Volunteers Step Up For Deafness And Dementia Testing

Deafness and Dementia TrainingA PhD student has commenced testing for research into the links between hearing loss and cognitive decline, thanks to the support of residents from across Cheshire.

University of Sheffield student Jenna Littlejohn, who is working in conjunction with the Northwest’s leading deafness charity, Deafness Support Network, has now tested 28 subjects to help determine the prevalence of hearing loss and decline in mental abilities as a baseline, to identify possible links between hearing levels and changes in memory, language and attention.

Jenna explains the purpose of the research: “Ageing in general is accompanied by a decline in memory and attention, but existing research has shown that there may be significant links between hearing loss and loss of mental abilities.

“We’re looking to establish this link, ascertain the causes of it and hopefully look into what preventative measures can be taken.”

Approximately one in six people have a hearing loss with two thirds being over the age of 65. One of the most common causes for hearing loss is presbycusis, (age related hearing loss), which is progressive, and tends to affect both ears symmetrically.

“On average it takes at least ten years for people to acknowledge their hearing loss, which typically starts to occur over the age of 40. As the UK’s population gets older, both dementia and hearing loss are becoming more prevalent, which makes this research so important,” adds Gill Reeder, Operations Manager at DSN.

It is estimated that 14.5 million people in the UK will have some form of hearing loss by 2031.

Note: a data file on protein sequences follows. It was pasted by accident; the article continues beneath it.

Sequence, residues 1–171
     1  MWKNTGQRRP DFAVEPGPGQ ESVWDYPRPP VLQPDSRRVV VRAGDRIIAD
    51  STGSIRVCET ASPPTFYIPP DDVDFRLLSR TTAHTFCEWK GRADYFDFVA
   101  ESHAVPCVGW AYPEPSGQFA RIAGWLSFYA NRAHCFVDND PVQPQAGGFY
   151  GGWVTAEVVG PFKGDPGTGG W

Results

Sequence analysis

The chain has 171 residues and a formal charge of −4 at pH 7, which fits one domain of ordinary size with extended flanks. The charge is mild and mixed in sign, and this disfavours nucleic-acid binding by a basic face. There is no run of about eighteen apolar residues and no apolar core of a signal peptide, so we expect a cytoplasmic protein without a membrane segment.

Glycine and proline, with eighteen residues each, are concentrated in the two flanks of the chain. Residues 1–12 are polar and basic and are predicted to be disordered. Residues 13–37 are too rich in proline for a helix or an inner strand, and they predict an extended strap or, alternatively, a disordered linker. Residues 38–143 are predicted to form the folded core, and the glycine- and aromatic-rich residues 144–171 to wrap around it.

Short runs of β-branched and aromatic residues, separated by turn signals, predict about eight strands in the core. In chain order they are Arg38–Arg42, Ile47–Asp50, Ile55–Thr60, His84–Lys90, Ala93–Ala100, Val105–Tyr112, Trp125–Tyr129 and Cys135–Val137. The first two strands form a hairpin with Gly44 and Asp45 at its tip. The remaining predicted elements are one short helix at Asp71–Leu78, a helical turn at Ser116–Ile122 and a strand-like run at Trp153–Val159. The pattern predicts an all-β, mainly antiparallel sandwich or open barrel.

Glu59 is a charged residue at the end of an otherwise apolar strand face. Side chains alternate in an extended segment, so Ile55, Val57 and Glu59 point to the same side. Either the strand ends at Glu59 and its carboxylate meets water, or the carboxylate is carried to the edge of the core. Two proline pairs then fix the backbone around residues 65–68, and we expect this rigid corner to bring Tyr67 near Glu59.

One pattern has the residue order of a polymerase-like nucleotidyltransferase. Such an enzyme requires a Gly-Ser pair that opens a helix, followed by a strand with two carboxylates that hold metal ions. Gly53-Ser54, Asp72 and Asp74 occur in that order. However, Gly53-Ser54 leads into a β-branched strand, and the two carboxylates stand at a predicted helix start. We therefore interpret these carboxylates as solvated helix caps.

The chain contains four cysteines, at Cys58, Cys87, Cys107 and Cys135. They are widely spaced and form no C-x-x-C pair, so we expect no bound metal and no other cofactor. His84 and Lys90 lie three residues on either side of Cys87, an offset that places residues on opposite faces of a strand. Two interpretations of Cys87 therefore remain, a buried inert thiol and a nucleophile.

Eric Burt, Head of Health and Safety at Cheshire West and Chester Council, who has taken part in the research said: “This is such an important piece of research and Jenna made the whole experience interesting and enjoyable.

“I would urge others to take part and help us to understand more about the link between hearing loss and dementia. Important research like this is key to enabling advances in science and medicine.”

The testing phase of the research will continue until the end of 2016 and the aim is to test and follow up at least 500 people.

DSN is now calling for volunteers to take part in the research. “The test takes a maximum of an hour and consists of two short questionnaires, one regarding memory, language and attention and the other subjective feelings around hearing loss. Then there will be a brief hearing test and dichotic listening task,” says Jenna.

Testing will take place at Deafness Support Network’s centres, or alternatively sessions can be arranged at a venue of convenience for the test subject.

To find out more about this project or volunteer to take part in the research please call Jenna Littlejohn on 0808 2082440 or email jlittlejohn@dsnonline.co.uk.






















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